In the gym I worked at, all the trainers wore black. Black shorts or sweat pants and a black tee shirt or polo shirt with a lime green stripe on the sleeve. From a distance, we looked no different to the members, and to them, they probably didn’t have a clue that we worked as independent trainers. In their eyes, we were gym employees, and one trainer was as good as the next.
At my gym we were allowed to wear our own uniform as we were officially independent trainers. After a couple of months I decided to get my own shirts and business cards made up to stand out. I was different and better and wanted to convey it.
In addition to this I attempted to specialize in everything. One of the trainers at my club listed his specialties as:
– Fat Loss
– Weight Management
– Muscle Building
– Stretching and Flexibility
– Pre and Post Natal Training
– Sports Conditioning
Dude, you must have been in school for a long time.
To stand out I listed my one specialty as female fat loss. This was the biggest market in my club and by listing it as my only attribute I was considered the foremost expert in the area.
Rookie Personal Trainer Mistake #4 – Not following through with your ideas
I had hundreds of great personal trainer marketing ideas throughout my time in the gym:
– Start a class meshing Crossfit methods and strength training.
– Develop a foam rolling workshop.
– Offer weekly nutrition lectures.
– Start a gym challenge, such as a triathlon, mini Olympics, or a powerlifting competition.
– Develop and implement A six week transformation challenge.
– Make a running club so the long lines of people waiting for the treadmills can meet each other and enjoy the beautiful area the gym is located in .
I didn’t implement one of these ideas. They only exist as an idea in a notepad.
Find something that’s missing in your gym, and fill the gap. If it doesn’t work, what have you lost? Perhaps a few hours of your time and the tiny cost of producing some posters and leaflets, but the potential business you can generate far outweighs the risks. Pick one thing and do it better than anybody else.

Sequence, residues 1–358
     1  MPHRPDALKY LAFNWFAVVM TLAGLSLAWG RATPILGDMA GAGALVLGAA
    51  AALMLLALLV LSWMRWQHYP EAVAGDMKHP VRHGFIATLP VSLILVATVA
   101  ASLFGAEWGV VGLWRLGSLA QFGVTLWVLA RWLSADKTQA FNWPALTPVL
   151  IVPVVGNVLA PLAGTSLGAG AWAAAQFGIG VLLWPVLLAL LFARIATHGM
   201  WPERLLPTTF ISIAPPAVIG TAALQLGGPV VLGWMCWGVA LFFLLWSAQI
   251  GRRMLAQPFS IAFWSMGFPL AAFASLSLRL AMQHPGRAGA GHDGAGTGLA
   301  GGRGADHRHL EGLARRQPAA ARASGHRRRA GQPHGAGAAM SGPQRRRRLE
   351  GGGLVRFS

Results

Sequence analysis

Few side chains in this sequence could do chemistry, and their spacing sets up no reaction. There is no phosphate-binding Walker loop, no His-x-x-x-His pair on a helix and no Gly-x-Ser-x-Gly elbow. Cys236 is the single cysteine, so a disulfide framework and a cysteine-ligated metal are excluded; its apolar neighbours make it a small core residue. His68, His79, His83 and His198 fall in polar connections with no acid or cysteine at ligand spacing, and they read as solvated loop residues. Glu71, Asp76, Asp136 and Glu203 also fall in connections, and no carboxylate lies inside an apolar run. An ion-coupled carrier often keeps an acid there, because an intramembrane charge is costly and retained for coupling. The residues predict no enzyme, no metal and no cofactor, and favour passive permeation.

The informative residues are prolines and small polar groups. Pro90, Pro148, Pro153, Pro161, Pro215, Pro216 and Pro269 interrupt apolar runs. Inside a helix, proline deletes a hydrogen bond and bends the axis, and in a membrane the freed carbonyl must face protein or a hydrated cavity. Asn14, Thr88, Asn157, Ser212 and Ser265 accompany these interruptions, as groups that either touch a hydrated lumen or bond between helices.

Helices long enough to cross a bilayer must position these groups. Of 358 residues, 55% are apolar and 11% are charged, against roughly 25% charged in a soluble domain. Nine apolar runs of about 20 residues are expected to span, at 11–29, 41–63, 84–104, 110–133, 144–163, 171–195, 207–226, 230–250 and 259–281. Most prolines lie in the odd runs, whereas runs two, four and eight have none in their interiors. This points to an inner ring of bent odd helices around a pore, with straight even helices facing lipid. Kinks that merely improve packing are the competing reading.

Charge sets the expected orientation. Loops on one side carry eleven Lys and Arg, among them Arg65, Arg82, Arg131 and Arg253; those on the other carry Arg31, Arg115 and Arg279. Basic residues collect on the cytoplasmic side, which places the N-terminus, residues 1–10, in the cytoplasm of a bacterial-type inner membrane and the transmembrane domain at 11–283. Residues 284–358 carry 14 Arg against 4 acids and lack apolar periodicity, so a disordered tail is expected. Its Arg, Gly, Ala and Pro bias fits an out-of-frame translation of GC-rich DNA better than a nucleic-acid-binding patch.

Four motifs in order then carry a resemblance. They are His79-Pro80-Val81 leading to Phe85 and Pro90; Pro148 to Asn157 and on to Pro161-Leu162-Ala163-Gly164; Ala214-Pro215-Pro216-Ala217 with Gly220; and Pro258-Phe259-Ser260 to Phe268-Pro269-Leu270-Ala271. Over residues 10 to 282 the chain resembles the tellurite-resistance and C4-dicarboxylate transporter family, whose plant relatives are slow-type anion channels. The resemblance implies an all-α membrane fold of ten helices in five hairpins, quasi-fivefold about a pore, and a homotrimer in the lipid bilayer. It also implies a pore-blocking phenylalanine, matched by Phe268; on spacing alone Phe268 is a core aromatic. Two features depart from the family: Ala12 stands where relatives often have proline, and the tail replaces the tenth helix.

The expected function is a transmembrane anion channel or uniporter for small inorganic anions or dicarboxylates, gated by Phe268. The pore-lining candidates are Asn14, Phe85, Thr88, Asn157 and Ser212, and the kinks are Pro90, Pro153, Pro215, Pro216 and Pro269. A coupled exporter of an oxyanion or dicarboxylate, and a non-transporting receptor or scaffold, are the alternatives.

Rookie Personal Trainer Mistake #5 – Not selling Yourself
Sales always freaked me out and was one of the major reasons I couldn’t drum up any business. The gym I worked at was competitive and if I didn’t sell a client right away there was another trainer more than willing to scoop them up.
To quote Jon from Ignite the Fire:
“[…]selling doesn’t mean tricking someone into buying an overpriced product. Selling means getting a client to want to work with me—in other words, I am the product!
I was selling myself, and I wasn’t overpriced. I knew I offered value. Selling consisted of educating the client on that value.”
Understanding that I had value was the first step to learning how to sell. Instead of focusing on tricking clients I started to focus on how I could help them. This meant listening intently to their needs and responding back with a solution.
Clients aren’t buying sessions, they are buying a solution. – Click to Tweet
When you’re discussing how training works with someone, don’t spend ages going on about what you’ll do in a warm-up, how many reps they’ll be performing, what methods of periodization you’ll use, or how you’ll be implementing all the latest training tricks you picked up in the recent issue of Muscle & Fitness.
They have a problem and you must present the solution. The steps come later.